Johnsons 1871 are committed to encouraging equality and diversity among our workforce and eliminating unlawful discrimination. The aim is for our workforce to be truly representative of all sections of society and our customers, and for each employee to feel respected and able to give their best.
We are also committed to preventing unlawful discrimination in the provision of our services and against customers or the public.
About this policy
This policy’s purpose is to:
provide equality, fairness and respect for all in our employment, whether temporary, part-time or full-time
not unlawfully discriminate because of the Equality Act 2010 protected characteristics of age, disability, gender reassignment, marriage and civil partnership, pregnancy and maternity, race (including colour, nationality, and ethnic or national origin), religion or belief, sex (gender) and sexual orientation
oppose and avoid all forms of unlawful discrimination. This includes in pay and benefits, terms and conditions of employment, dealing with grievances and discipline, dismissal, redundancy, leave for parents, requests for flexible working, and selection for employment, promotion, training or other developmental opportunities
This policy does not form part of any employee’s contract of employment and we may amend it at any time.
Our Commitment is to;
encourage equality and diversity in the workplace
create a working environment free of bullying, harassment, victimisation and unlawful discrimination, promoting dignity and respect for all, and where individual differences and the contributions of all staff are recognised and valued
This commitment includes training managers and all other employees about their rights and responsibilities under the equality policy. Responsibilities include staff conducting themselves to help the organisation provide equal opportunities in employment, and prevent bullying, harassment, victimisation and unlawful discrimination
All staff should understand they, as well as their employer, can be held liable for acts of bullying, harassment, victimisation and unlawful discrimination, during their employment, against fellow employees, customers, suppliers and the public
take seriously complaints of bullying, harassment, victimisation and unlawful discrimination by fellow employees, customers, suppliers, visitors, the public and any others during the organisation’s work activities
Such acts will be dealt with as misconduct under our grievance and/or disciplinary procedures, and any appropriate action will be taken. Particularly serious complaints could amount to gross misconduct and lead to dismissal without notice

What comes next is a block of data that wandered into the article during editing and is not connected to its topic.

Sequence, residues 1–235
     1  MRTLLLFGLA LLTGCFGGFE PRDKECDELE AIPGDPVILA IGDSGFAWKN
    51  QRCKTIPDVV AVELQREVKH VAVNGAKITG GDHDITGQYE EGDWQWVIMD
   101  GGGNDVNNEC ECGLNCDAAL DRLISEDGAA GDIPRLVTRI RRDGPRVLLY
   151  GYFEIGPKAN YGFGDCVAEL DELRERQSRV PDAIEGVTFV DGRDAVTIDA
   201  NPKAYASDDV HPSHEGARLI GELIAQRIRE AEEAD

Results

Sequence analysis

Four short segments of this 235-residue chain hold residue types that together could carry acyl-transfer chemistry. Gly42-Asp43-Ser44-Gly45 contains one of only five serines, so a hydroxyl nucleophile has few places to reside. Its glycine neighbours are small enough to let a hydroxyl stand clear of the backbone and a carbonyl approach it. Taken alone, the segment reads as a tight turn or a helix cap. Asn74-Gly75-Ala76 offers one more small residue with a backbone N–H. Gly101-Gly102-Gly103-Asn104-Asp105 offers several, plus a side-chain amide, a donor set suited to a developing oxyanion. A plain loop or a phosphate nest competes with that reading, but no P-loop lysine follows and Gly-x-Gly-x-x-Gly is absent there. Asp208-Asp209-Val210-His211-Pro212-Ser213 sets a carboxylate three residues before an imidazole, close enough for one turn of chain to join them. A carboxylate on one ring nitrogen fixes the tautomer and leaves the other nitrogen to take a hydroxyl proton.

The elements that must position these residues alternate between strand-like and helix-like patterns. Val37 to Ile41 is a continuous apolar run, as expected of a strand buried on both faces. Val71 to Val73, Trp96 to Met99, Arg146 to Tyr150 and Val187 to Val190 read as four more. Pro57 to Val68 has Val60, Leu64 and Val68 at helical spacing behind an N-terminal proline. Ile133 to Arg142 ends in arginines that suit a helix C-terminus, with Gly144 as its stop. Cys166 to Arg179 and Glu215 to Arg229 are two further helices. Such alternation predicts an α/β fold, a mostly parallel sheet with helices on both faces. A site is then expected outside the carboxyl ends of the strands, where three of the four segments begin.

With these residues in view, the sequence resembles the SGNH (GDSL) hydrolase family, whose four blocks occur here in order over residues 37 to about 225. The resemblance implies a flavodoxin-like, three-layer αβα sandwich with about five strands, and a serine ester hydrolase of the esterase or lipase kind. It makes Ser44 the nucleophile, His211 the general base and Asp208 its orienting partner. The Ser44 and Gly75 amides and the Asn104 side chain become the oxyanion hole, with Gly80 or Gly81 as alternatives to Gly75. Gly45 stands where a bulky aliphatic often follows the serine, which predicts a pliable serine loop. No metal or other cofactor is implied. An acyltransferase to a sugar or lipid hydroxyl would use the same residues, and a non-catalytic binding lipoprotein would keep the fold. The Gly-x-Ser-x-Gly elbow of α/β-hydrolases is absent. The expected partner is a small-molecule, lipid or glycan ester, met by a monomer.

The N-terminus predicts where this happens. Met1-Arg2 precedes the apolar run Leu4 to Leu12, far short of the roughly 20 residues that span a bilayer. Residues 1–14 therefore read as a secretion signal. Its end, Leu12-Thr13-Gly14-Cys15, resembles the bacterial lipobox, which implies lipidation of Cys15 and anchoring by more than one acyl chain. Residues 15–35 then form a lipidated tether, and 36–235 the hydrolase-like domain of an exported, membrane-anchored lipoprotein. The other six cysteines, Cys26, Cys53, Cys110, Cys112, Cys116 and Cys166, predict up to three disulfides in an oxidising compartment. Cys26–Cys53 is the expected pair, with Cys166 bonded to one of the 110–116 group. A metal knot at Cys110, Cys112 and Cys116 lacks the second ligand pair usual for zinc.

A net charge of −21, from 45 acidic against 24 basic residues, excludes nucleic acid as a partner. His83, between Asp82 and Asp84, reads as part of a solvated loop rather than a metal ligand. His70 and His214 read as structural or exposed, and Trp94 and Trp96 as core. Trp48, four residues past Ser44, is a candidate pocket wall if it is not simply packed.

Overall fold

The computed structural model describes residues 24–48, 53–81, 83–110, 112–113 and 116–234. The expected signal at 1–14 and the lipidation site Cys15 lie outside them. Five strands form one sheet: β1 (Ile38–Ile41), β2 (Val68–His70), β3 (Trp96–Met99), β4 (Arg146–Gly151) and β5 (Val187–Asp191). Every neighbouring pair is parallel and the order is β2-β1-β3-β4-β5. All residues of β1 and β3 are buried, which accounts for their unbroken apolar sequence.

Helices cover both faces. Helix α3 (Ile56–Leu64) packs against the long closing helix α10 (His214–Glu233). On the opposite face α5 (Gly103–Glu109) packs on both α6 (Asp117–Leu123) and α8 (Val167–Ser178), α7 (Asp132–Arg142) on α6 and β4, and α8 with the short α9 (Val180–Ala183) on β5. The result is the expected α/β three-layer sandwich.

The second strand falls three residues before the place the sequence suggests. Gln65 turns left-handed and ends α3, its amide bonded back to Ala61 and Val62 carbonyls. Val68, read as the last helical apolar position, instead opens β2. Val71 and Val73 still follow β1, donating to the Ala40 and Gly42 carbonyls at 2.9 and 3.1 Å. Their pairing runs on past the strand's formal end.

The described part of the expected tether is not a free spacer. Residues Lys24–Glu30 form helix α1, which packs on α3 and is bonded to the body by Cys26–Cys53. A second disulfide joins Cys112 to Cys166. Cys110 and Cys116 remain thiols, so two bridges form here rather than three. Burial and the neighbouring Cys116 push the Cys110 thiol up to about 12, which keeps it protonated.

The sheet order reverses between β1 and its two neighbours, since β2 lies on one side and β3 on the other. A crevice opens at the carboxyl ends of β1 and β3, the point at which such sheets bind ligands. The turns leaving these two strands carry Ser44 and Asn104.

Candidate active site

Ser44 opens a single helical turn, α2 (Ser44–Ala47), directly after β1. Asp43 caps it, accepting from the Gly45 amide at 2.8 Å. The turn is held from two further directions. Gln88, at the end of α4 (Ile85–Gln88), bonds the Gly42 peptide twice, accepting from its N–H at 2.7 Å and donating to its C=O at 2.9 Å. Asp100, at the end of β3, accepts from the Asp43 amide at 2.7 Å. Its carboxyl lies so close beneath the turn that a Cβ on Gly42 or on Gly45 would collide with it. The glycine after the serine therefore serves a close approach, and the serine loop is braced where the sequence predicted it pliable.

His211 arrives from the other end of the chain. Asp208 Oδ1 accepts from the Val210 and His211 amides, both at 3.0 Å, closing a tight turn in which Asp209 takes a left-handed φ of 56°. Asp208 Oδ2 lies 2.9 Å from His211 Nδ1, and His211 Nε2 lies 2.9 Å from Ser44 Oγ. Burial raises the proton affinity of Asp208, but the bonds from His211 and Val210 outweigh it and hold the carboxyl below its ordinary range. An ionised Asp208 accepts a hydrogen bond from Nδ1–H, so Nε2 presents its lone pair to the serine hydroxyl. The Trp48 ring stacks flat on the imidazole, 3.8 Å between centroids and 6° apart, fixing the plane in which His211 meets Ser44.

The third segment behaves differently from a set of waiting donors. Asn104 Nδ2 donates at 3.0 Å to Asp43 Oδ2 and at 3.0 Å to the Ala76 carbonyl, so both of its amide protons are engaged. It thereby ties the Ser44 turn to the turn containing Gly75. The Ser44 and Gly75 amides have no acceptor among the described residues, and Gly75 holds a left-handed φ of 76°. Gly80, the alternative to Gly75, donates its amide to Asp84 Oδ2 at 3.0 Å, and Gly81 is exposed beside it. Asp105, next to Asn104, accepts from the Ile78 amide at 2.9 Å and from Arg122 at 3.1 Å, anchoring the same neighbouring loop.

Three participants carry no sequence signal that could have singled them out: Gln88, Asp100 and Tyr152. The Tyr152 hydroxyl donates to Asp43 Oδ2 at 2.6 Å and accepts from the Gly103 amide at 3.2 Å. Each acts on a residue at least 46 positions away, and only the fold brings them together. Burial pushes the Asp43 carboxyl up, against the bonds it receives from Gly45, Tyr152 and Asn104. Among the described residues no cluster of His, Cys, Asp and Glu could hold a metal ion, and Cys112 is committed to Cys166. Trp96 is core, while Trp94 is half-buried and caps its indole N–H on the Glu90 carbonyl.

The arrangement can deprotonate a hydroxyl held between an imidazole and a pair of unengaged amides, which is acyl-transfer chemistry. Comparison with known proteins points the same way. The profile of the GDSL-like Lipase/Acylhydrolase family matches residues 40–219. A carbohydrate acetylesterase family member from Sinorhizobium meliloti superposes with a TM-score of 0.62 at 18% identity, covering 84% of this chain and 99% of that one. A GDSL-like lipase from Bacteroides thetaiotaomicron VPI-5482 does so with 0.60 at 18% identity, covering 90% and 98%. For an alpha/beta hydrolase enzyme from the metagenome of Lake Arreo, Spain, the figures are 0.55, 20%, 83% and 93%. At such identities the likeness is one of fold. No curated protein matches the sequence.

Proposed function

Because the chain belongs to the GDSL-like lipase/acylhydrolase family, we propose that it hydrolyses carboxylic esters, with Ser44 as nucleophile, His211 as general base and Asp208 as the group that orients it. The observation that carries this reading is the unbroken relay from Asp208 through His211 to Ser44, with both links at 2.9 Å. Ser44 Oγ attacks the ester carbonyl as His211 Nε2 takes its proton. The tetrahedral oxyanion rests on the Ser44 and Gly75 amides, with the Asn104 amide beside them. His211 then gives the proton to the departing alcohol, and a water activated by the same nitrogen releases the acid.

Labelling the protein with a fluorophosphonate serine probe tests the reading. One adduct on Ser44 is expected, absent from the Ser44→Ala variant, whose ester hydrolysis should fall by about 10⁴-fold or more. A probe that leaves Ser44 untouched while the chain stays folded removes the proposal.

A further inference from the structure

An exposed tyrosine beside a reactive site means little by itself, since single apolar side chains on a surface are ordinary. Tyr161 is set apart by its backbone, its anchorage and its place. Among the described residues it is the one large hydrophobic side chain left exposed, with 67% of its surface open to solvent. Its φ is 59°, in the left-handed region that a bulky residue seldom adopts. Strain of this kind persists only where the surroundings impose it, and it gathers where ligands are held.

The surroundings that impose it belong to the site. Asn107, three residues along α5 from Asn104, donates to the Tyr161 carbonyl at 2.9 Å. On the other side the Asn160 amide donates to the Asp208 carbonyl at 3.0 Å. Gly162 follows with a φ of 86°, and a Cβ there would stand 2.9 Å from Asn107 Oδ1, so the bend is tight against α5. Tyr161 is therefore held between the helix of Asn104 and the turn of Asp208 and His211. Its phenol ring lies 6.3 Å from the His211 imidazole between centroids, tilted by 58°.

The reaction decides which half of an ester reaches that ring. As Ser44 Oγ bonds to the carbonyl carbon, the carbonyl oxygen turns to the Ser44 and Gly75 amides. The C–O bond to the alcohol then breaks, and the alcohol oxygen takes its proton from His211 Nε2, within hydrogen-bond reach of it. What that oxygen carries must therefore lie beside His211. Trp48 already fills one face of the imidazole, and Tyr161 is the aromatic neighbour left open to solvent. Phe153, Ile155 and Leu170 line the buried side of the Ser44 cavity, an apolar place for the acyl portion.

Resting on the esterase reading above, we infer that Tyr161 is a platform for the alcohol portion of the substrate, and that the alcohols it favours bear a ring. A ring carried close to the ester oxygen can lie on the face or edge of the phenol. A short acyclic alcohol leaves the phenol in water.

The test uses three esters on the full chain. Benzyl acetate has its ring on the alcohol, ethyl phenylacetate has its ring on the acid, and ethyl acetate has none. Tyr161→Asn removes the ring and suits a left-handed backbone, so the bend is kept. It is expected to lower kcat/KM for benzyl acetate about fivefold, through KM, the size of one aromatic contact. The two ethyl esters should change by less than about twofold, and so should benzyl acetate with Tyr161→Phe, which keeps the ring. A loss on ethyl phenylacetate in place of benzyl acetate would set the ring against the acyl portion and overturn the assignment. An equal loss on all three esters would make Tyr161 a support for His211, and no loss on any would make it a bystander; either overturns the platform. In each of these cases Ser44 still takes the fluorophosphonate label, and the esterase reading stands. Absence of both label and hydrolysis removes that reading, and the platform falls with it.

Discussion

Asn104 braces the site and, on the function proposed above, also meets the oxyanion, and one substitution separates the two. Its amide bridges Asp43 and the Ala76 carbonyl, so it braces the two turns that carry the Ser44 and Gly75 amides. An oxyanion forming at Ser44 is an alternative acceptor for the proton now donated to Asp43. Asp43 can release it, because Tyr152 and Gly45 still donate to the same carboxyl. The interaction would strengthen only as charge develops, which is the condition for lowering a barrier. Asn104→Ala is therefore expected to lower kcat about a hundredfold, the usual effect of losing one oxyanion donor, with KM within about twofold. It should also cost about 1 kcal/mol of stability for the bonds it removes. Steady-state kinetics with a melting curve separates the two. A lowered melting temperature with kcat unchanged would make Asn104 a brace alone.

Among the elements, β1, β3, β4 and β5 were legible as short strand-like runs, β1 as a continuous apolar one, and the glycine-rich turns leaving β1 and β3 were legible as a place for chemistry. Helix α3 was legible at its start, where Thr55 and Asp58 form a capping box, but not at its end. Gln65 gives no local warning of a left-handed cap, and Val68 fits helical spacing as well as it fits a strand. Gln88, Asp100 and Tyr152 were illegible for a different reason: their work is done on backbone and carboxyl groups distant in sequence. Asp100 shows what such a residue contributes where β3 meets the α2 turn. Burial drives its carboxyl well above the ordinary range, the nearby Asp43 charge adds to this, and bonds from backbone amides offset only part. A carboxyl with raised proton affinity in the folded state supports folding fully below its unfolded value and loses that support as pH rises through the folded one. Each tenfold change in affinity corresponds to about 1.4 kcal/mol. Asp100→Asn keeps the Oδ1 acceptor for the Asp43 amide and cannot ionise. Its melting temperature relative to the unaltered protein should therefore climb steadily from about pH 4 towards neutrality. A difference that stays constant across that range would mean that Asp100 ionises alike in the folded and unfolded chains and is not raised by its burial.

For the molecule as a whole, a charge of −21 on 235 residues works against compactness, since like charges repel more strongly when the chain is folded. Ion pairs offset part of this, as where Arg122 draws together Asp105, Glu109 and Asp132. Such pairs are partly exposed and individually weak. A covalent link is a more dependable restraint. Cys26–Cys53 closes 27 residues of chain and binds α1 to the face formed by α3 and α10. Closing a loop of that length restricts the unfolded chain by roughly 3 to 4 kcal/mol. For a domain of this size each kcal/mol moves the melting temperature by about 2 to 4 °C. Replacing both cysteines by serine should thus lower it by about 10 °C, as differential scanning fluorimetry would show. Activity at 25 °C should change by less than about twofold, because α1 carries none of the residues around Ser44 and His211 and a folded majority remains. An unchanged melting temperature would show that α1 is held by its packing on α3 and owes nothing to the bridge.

Further, sexual harassment may amount to both an employment rights matter and a criminal matter, such as in sexual assault allegations. In addition, harassment under the Protection from Harassment Act 1997 – which is not limited to circumstances where harassment relates to a protected characteristic – is a criminal offence
make opportunities for training, development and progress available to all staff, who will be helped and encouraged to develop their full potential, so their talents and resources can be fully utilised to maximise the efficiency of the organisation
decisions concerning staff being based on merit (apart from in any necessary and limited exemptions and exceptions allowed under the Equality Act)
review employment practices and procedures when necessary to ensure fairness, and update them and the policy to take account of changes in the law
monitor the make-up of the workforce regarding information such as age, gender, ethnic background, sexual orientation, religion or belief, and disability in encouraging equality and diversity, and in meeting the aims and commitments set out in the equality policy
You must not unlawfully discriminate against or harass other people including current and former employees, job applicants, clients, customers, suppliers and visitors. This applies in the workplace, outside the workplace (when dealing with customers, suppliers or other work-related contacts or when wearing a work uniform), and on work-related trips or events including social events.
The following forms of discrimination are prohibited under this policy and are unlawful:
Direct discrimination: treating someone less favourably because of a Protected Characteristic. For example, rejecting a job applicant because of their religious views or because they might be gay.
Indirect discrimination: a provision, criterion or practice that applies to everyone but adversely affects people with a particular Protected Characteristic more than others, and is not justified. For example, requiring a job to be done full-time rather than part-time would adversely affect women because they generally have greater childcare commitments than men. Such a requirement would be discriminatory unless it can be justified.
Harassment: this includes sexual harassment and other unwanted conduct related to a Protected Characteristic, which has the purpose or effect of violating someone’s dignity or creating an intimidating, hostile, degrading, humiliating or offensive environment for them. Harassment is dealt with further in our Anti-harassment and Bullying Policy.
Victimisation: retaliation against someone who has complained or has supported someone else’s complaint about discrimination or harassment.
Disability discrimination: this includes direct and indirect discrimination, any unjustified less favourable treatment because of the effects of a disability, and failure to make reasonable adjustments to alleviate disadvantages caused by a disability.